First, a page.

Approximately 80% of Americans will suffer from back pain in their life. Majority of cases of back pain are due to spinal issues. Your spine is critical. It keeps us upright, it contains all our major nerves and connects it to our brain. Our spine allows us to walk and bear weight. With how important it is, it’s no wonder how troublesome it can be when it comes to degeneration or injury.
Herniated Disc. What is It?
In between each vertebrae in your spine is what is called a spinal disk. It is a rubbery cushion that has a soft jelly-like center and a tougher, rubber exterior. When a herniated disk occurs, some of that soft jelly like center, the nucleus, pushes out through a tear.
Symptoms of a Herniated Disc
- Lower Back Pain
- This can occur when a herniated disc presses on a nerve causing minor to extreme pain. If it occurs in the lumbar region, it can cause an electric shock type of pain that affects only one side of the body.
- Slipped discs in the lumbar area can also press on your sciatic nerve which becomes pain that travels from your gluteal region into your leg and down into your foot.
- Neck Pain
- A herniated disc can compress a nerve in your neck as well. This causes pain in your neck and shoulder blades. The pain can radiate down through your arms to your hands and fingers.
- Nerve compression can lead to paresthesia. Paresthesia causes tingling, chilling, burning and/or lack of sensation. Often, patients report a “pins and needles” feeling.
- Muscle Weakness
- Reflex Loss
- Foot Drop
Symptoms can vary greatly depending on where the herniated disc occurred on your spine. There is potential for many symptoms to none at all. Especially if a nerve doesn’t become compressed from the ruptured disk.
So How Do You Treat It?
Depending on the severity of the herniated disc, some may not seek or need any treatment, some may take the natural non-surgical approach and some may have to undergo surgery based on the doctor’s recommendation.
If mild, you may be advised to maintain a low, painless activity level for a few days to several weeks. This will help the spinal nerve inflammation decrease.
Medications might be prescribed as well. Often a non-steroidal anti-inflammatory medication is used if the pain is moderate.
Another option is an epidural steroid injection which may be performed under X-ray to direct the medication to the exact level of the herniated disc.
The doctor may recommend physical therapy. The therapist will perform an in-depth evaluation, which, combined with the doctor’s diagnosis, dictates a treatment specifically designed for patients with herniated discs. Therapy may include pelvic traction, gentle massage, ice and heat therapy, ultrasound, electrical muscle stimulation and stretching exercises. Pain medication and muscle relaxants may also be beneficial in conjunction with physical therapy.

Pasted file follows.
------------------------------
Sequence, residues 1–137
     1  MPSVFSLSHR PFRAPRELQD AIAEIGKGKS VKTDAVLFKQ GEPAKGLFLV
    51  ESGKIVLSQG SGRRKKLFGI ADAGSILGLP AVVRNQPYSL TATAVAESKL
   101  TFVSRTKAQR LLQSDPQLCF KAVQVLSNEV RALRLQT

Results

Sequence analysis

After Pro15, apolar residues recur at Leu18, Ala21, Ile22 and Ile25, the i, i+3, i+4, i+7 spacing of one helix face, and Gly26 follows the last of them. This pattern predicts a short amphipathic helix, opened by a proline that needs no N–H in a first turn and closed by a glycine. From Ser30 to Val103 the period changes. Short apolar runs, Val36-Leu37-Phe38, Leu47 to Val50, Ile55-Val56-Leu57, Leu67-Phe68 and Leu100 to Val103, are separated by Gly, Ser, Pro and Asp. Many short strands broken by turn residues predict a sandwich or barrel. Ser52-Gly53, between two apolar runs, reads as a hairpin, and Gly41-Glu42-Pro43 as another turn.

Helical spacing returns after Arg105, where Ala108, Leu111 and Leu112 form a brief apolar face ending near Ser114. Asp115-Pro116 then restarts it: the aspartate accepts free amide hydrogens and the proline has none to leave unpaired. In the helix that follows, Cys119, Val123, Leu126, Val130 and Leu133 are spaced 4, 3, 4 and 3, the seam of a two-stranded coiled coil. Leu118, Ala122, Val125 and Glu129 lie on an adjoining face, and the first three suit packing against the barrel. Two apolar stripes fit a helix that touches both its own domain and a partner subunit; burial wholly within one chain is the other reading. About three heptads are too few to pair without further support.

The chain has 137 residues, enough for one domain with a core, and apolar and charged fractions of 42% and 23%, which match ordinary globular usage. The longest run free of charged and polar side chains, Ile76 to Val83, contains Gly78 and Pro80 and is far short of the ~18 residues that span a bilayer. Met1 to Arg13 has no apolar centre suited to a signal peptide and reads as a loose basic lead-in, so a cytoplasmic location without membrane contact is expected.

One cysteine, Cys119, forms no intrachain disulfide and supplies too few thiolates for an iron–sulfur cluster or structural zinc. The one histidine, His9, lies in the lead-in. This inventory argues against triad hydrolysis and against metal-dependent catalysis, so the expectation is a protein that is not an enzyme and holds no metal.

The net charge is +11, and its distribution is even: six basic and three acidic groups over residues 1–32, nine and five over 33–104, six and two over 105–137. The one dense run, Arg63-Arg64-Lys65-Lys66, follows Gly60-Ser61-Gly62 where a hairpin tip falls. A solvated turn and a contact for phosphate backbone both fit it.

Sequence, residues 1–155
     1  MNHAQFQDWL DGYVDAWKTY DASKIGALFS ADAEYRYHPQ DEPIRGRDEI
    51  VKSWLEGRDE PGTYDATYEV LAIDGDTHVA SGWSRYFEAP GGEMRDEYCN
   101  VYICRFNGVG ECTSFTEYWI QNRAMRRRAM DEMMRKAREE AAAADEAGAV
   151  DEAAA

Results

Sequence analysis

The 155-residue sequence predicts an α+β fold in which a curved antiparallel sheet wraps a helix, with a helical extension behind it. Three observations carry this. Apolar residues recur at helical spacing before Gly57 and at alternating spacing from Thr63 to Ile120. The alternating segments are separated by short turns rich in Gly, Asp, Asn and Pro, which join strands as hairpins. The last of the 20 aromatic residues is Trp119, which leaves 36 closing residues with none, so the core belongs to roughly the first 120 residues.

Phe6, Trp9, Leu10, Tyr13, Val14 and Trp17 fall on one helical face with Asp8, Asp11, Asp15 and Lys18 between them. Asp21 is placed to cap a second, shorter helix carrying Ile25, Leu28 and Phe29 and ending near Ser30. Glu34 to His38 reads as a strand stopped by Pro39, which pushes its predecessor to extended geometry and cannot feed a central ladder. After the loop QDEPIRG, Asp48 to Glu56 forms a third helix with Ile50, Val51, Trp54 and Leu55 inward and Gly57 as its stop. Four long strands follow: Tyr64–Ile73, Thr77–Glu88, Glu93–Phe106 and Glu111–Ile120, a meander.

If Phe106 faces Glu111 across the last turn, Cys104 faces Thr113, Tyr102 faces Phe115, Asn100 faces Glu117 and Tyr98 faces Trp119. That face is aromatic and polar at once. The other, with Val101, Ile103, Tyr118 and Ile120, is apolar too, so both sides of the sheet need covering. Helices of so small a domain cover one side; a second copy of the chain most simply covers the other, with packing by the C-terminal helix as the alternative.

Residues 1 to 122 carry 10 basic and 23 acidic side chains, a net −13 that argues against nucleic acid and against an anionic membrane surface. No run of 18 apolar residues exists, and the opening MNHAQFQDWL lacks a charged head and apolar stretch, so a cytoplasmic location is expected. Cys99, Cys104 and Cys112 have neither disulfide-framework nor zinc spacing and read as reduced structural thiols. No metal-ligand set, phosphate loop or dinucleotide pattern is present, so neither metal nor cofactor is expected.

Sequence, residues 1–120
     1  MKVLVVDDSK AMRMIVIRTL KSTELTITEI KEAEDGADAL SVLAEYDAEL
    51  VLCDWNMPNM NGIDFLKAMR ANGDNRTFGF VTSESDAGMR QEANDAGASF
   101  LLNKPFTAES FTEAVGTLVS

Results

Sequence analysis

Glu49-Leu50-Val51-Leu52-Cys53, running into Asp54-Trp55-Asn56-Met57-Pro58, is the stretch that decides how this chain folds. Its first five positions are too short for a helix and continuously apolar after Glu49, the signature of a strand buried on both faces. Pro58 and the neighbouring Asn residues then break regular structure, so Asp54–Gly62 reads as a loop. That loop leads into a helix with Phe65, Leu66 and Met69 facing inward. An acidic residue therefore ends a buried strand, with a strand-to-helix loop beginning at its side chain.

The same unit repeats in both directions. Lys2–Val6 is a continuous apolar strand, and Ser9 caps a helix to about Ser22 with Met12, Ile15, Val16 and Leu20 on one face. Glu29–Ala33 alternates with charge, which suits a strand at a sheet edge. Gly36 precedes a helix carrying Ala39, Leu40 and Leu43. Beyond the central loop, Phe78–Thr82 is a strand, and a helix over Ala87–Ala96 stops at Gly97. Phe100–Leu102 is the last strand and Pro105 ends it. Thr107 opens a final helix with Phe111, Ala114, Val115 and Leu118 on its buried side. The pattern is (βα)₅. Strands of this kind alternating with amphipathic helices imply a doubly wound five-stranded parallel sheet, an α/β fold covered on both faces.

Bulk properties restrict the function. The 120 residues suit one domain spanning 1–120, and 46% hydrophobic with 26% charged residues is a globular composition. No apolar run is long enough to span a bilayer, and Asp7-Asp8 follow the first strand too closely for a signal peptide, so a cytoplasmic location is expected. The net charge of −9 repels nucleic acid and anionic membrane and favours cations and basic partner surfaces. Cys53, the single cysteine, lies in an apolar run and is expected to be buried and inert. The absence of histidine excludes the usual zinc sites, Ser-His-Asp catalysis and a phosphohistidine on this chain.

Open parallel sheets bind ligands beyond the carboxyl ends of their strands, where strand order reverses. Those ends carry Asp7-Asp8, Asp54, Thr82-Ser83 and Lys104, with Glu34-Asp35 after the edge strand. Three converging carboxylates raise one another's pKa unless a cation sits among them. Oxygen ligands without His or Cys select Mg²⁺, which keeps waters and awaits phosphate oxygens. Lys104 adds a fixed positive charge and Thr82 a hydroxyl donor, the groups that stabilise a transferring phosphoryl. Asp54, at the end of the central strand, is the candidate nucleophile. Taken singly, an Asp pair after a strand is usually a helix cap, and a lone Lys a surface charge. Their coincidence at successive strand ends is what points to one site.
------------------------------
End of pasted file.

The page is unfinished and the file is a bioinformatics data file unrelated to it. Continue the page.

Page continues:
Other options that are non-invasive and rapidly growing in popularity is Rejuvadisc. At Select Health, their RejuvaDISC program utilizes state-of-the-art equipment and procedures to target the failed mechanisms that have allowed your disc(s) to bulge, herniate, or degenerate. By giving your bad discs what they need to heal, we are able to activate your discs’ built-in mechanisms for healing and self-repair, which in turn can correct or improve your bad discs, allowing you to improve or eliminate your symptoms, improve your quality of life, and avoid a spinal surgery. If you’re interested in this technology click here.
Lumbar Spine Surgery
This is a procedure used to relieve leg pain and sciatica caused by a herniated disc. It is performed through a small incision down the center of the back over the area of the herniated disc. A portion of the lamina may be removed which should relieve nerve tension. Once the incision is made through the skin, the muscles are moved to the side so that the surgeon can see the back of the vertebrae. A small opening is made between the two vertebrae to gain access to the herniated disc. After the disc is removed, the spine may need to be stabilized. Spinal fusion often is performed as well with a laminotomy.
Cervical Spine Surgery
A portion of the lamina may be removed through a laminotomy, as well as the removal of the disc herniation for the posterior approach.
If you receive this surgery anteriorly, after your disc is removed, the spine needs to be re-stabilized. This is done by the use of a cervical plate, interbody device and screws.
Ideally, many patients don’t want to have to go under the knife due to the invasiveness of the surgery, the downtime after surgery, the potential dangerous risks, and medication side effects.
Luckily there are other options to consider. RejuvaDISC® treatment protocols can help relieve your pain and can work even when all else has failed. Select Health’s program has a high chance of success because it gets to the real problem that other treatments miss or do not address with non-surgical procedure resulting in a more effective and longer lasting solution to your pain without side-effects.
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